As we come closer to the U.S. presidential election, it seems the market is more or less pricing in a Biden win. But on top of that, it's also pricing in a fiscal stimulus deal passing, as well.
The heartbeat of the market in the last few weeks has changed, as previously Joe Biden was thought to be bearish for the market in general, given potentially higher taxes. But now, he is seen as a net positive, especially with the Democrats pushing for a more than $2.2 trillion fiscal package focusing on infrastructure and other things. On this backdrop, U.S. bond yields have been rallying aggressively as bonds get sold. The U.S. 10-year yield is now trading closer to 0.82%, and the 30-year above 1.6%. These levels have not been seen since June. Any higher, and we would not have seen these levels since 2018. So, what is happening and why?
The world is still hooked onto the 60-40 portfolio, whereby a natural 60% allocation to equities and a 40% allocation to bonds should, in theory, hedge a portfolio at any given time during any cycle. This only worked in the past decade, given central bank quantitative easing and no inflation, so most think it will work going forward. Wrong.
If we have a higher inflationary environment, both equities and bonds can go down -- there goes your hedge. There is no doubt we will get inflation; the Fed will make sure of it. The only problem is will this be accompanied with solid growth? This means people need to start unwinding their long bond positions, which will cause yields to rally even further. The thing about yields is that if the move higher is slow and gradual, it is a good thing as it denotes recovery. But if it is fast, that is a bad thing, as asset classes cannot handle the move. This is called the "rate scare."
If the move in yields is fast and asset classes cannot handle it? This is called the 'rate scare.'
Right now, the market is "hoping" that we have a deal, but there is good chance that we do not get one till after the election. Strategy built on hope, but not reality, is a grave mistake. We can see even in the positioning, hedge funds have been selling technology (growth) names vs. buying energy, banks, industrials, and cyclical sensitive sectors (value) as they expect a genuine U.S. recovery in the fourth quarter. They are all teeing up for it, but what if it is delayed or uncertain?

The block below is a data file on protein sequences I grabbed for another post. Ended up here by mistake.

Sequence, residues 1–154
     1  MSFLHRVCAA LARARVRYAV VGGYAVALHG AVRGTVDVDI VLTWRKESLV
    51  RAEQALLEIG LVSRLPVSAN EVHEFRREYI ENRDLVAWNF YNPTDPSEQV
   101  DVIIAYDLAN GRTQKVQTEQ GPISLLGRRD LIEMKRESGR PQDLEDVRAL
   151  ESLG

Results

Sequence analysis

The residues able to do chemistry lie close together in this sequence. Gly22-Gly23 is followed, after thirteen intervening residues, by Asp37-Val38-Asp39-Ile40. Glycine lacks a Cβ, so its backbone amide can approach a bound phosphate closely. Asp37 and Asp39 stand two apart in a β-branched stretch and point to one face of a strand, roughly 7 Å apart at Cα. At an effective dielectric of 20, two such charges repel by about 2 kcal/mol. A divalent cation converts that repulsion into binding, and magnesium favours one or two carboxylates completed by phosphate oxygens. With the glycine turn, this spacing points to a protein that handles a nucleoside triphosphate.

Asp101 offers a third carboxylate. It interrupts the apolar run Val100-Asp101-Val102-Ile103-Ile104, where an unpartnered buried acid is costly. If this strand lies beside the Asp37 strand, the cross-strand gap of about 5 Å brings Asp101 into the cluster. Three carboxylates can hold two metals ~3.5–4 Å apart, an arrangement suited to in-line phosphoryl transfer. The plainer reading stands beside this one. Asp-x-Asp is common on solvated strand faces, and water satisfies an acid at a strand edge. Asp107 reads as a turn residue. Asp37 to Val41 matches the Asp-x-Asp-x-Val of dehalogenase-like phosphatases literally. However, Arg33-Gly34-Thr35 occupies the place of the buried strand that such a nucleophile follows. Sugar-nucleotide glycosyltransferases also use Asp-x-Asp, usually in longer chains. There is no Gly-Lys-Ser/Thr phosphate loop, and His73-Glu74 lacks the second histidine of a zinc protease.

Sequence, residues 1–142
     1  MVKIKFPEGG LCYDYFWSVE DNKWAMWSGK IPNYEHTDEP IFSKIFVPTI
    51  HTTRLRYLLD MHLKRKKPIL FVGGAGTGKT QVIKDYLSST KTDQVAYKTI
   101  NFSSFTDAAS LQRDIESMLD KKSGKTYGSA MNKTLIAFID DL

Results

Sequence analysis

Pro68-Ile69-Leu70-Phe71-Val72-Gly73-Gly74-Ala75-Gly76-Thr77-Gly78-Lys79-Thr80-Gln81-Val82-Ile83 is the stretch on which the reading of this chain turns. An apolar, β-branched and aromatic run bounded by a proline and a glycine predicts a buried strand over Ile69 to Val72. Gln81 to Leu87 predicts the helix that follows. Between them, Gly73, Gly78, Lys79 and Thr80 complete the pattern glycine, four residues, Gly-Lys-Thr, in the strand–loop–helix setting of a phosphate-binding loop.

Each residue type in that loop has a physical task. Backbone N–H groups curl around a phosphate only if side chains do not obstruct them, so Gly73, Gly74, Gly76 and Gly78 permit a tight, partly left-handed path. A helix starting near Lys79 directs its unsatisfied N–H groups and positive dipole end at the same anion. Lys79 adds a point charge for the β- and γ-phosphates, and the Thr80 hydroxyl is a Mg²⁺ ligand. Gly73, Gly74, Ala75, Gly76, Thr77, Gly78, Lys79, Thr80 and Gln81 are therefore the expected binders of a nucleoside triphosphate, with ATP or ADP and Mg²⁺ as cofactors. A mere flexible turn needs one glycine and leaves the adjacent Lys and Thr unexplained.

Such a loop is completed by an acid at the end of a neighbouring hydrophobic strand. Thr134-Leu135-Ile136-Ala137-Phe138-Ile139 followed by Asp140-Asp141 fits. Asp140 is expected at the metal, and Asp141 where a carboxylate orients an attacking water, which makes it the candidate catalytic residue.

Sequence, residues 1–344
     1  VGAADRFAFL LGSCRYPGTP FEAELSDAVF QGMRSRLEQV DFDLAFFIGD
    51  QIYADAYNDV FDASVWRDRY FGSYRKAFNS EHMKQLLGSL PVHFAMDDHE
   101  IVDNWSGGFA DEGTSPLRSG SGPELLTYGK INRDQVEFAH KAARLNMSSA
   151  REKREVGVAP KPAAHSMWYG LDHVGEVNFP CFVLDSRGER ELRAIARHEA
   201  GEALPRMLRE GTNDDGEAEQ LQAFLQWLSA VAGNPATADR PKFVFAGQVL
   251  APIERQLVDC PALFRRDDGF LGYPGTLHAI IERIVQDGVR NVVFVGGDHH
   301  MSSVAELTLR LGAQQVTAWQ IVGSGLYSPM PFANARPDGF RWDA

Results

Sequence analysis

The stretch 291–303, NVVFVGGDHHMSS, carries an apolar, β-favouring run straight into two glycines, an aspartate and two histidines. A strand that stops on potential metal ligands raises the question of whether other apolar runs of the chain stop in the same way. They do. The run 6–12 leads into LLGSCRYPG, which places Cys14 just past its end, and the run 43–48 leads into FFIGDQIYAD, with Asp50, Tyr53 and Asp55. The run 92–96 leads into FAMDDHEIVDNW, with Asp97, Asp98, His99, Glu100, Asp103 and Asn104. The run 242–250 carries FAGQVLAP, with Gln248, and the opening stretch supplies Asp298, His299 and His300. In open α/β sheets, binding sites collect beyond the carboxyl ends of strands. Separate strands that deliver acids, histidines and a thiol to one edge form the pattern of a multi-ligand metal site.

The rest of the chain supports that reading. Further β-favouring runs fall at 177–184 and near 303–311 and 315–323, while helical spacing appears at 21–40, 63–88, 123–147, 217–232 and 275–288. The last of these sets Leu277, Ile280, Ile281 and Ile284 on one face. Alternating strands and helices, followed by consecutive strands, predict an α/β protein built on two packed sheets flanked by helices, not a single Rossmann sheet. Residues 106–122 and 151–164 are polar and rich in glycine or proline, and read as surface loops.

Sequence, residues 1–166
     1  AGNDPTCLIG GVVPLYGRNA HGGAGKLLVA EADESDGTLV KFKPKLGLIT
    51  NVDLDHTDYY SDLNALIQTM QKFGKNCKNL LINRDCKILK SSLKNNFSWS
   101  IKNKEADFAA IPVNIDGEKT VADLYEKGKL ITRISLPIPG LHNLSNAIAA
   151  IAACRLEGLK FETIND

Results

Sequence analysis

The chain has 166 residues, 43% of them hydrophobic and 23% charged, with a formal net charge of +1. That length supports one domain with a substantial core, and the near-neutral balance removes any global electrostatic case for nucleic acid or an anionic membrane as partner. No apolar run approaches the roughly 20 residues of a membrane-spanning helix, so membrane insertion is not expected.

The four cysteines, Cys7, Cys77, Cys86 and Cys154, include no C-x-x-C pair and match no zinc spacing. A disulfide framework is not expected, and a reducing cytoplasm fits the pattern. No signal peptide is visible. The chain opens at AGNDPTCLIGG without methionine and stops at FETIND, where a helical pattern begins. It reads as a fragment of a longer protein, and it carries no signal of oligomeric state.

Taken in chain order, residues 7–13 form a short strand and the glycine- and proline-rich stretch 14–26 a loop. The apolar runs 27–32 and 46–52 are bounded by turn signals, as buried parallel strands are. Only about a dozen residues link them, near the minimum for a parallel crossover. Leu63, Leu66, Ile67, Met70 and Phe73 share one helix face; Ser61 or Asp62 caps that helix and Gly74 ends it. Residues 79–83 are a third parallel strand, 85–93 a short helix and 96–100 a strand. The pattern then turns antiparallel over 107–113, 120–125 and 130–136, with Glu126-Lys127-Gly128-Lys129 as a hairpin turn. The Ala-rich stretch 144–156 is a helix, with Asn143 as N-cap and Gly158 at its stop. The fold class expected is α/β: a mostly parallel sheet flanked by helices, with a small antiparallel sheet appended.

This is not a certainty nor a fact. In fact, it is more and more likely given a second wave of lockdowns and no vaccine coming out, that the recovery is delayed. The fiscal deal is the only thing that can save the economy, and right now that is politically motivated.
White House officials and House Speaker Nancy Pelosi keep teasing the market about a 48-hour deadline to get a deal passed before election, but why would either side be motivated to do one now, pre-election? It won't be enacted before voting time, so they might as well save it for after. The Fed is on hold right now and cannot do any more QE -- and it all depends on fiscal stimulus to get the economy growing. If yields and rates move higher, the U.S. and the world economy cannot afford that as entire debt system is priced in Dollars and higher yields means higher servicing costs.
Everyone thinks it is a no-brainer to be short the dollar and long "recovery" basket, as it is a done deal. Investing is a risk vs. reward approach, for now it seems the risk is entirely ignored as everyone is short the dollar. What if, just what if, the dollar rallies from here or we get stagflation? #ouch